Christmas in Greece (Xristougenna)

“How powerful was the message of peace, optimism and solidarity that Athens sent today around the world, when hanging out with Mayors from all over the world we counted down and lit the Christmas tree at Syntagma Square!

Christmas (Xristougenna), the Feast of the Nativity of Jesus, is one of the most joyful days of the Greek Orthodox Church.

Traditionally, the Christmas holiday period in Greece lasts 12 days until January 6, which marks the celebration of the Feast of the Holy Theophany (Epiphany).

Many customs are associated with the Christmas holidays, some of which are relatively recent and “imported” from other parts of the world (like eating turkey on Christmas day and decorating the Christmas tree).

In the past, Greeks decorated small Christmas boats in honour of St. Nicholas and today; they are increasingly choosing to decorate boats instead of trees, reviving this age-old Christmas tradition.

"Kalanda" or Carols

The singing of Christmas carols (or kalanda) is a custom preserved to this day. On Christmas and New Year's Eve, children go from house to house in groups singing the carols, usually accompanied by the sounds of the musical instrument "triangle," but also by guitars, accordions, lyres and harmonicas.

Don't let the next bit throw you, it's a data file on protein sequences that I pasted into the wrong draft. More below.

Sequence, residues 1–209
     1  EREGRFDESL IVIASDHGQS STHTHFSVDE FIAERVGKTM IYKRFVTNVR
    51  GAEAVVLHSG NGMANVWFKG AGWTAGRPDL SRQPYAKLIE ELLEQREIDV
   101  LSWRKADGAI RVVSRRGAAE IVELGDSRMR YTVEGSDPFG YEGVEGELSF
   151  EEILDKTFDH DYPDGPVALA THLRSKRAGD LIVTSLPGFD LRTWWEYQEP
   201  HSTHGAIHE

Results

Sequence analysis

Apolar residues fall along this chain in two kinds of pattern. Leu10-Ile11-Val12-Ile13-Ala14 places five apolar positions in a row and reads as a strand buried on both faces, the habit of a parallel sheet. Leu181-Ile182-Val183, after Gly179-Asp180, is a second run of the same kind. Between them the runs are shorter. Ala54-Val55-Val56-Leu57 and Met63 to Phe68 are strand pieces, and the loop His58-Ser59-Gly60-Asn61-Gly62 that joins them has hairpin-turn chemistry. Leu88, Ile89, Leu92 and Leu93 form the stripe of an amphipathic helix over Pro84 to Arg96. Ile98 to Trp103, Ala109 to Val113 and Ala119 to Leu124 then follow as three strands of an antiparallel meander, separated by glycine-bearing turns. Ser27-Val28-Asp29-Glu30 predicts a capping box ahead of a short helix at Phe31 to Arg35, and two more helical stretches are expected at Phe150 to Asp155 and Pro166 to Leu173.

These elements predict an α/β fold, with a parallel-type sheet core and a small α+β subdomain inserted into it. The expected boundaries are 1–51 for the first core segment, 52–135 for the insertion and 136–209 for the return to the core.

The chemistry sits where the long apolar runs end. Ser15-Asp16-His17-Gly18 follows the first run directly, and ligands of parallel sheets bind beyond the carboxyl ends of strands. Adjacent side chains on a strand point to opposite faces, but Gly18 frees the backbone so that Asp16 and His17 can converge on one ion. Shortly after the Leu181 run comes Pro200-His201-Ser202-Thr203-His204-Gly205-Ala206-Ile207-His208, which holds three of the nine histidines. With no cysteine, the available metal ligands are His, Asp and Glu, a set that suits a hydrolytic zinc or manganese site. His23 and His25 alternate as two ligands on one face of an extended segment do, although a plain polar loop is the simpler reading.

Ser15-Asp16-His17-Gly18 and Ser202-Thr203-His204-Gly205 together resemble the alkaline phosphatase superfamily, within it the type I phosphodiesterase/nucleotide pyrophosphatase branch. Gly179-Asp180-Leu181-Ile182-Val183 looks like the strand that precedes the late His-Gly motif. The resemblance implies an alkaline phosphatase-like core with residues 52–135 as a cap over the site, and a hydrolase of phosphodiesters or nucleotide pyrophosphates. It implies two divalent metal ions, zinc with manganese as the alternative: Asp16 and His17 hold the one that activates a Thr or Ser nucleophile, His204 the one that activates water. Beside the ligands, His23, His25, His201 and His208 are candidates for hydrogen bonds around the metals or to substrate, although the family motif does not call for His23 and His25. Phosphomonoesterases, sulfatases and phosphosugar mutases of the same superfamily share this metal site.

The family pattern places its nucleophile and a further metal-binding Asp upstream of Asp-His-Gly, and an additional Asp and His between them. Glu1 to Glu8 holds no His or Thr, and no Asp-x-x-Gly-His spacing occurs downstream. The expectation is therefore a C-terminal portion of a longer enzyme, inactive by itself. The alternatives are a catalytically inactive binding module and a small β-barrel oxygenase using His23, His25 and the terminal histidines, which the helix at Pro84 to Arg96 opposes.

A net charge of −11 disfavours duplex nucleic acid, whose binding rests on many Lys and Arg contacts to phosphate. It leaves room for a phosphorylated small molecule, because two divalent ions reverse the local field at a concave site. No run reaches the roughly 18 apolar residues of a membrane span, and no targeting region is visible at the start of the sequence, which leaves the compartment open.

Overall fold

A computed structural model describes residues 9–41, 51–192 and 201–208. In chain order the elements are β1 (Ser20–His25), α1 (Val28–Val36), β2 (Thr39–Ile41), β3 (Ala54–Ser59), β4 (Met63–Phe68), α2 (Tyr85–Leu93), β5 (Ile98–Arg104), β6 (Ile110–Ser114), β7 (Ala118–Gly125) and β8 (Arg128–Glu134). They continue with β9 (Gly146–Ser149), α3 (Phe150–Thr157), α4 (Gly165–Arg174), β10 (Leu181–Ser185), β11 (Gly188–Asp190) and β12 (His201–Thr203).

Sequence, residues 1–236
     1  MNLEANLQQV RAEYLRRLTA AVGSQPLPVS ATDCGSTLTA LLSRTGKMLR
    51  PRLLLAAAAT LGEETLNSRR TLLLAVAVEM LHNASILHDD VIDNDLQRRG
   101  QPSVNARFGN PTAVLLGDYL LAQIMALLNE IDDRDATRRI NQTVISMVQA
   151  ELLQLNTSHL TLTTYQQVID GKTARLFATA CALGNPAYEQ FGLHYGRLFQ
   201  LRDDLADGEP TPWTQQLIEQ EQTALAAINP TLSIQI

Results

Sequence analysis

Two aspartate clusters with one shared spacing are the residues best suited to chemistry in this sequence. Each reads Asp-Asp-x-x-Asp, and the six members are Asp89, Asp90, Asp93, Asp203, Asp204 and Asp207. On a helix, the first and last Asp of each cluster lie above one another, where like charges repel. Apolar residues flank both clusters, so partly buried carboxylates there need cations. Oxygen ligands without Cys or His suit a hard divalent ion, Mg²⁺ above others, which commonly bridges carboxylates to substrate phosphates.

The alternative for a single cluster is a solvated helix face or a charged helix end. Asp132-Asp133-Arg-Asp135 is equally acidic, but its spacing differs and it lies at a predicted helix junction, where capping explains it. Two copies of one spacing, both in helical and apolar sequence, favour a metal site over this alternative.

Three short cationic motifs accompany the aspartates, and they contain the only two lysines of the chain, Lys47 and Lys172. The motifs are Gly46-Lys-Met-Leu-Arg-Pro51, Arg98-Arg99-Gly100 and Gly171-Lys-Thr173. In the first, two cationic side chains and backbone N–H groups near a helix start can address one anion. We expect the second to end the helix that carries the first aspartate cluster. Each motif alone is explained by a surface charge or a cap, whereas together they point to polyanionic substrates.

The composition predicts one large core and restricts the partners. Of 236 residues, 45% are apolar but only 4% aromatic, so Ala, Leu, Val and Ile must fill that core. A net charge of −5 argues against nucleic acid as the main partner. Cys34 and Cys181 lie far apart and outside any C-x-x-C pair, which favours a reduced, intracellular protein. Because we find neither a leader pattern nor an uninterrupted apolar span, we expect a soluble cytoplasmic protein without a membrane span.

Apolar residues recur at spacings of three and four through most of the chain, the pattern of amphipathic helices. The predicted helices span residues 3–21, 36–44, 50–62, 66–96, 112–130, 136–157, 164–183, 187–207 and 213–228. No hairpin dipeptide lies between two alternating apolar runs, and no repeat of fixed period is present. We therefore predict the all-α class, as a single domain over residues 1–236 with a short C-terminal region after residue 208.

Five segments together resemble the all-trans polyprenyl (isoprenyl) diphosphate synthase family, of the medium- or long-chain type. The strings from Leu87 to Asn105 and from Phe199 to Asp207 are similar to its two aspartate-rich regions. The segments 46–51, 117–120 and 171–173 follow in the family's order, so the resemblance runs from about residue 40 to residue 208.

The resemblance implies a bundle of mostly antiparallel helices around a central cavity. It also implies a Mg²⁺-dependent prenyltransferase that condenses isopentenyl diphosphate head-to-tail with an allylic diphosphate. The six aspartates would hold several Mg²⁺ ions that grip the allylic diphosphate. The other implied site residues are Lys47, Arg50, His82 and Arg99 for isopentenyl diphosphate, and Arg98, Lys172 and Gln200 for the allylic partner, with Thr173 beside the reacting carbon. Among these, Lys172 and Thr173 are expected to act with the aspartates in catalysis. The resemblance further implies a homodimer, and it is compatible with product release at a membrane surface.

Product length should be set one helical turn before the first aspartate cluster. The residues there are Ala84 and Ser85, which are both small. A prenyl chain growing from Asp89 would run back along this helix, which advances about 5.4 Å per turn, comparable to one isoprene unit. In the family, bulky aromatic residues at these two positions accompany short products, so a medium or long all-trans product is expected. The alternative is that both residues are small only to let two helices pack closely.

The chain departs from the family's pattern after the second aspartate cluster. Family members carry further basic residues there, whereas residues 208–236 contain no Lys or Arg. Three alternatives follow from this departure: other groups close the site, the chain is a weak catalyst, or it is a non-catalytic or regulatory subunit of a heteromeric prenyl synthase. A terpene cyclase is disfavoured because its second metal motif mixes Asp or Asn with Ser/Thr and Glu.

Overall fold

Until some time ago, children were rewarded with pastries, but nowadays, they are usually given money.

Christmas Eve Tradition - Greek Kalanda
The singing of Christmas carols (or kalanda)

Christmas Elves

Greece’s hobgoblins are called "kallikántzari”, friendly but troublesome little creatures which look like elves. Kallikantzari lives deep down inside the earth and comes to the surface only during the 12 days from Christmas until Epiphany. While on the earth’s surface, they love to hide in houses, slipping down chimneys and frightening people. Throughout Greece, various customs and rituals are performed to keep hobgoblins away.

Kallikantzari disappears on the day of Epiphany when all waters are blessed and return to the earth’s core.

It is believed that kallikantzaroi stay underground, sawing the world tree so that it will collapse, along with the Earth

Sweets & Treats

Traditional culinary delights symbolize good luck in the New Year and adorn the white-clothed tables. "Melomakarona" (honey cookies) and "kourabiedes" (sugar cookies with almonds) are the most characteristic, and they characterise the beginning of the Christmas festivity.

Another traditional custom that dates back to Byzantine times is the slicing of Vasilopita (St.Basil’s pie or New Year’s Cake). The person who finds the hidden coin in his slice of the cake is considered to be lucky for the rest of the year.

Sugar cookies with almonds

The Christmas tree was lit in Heraklion, Crete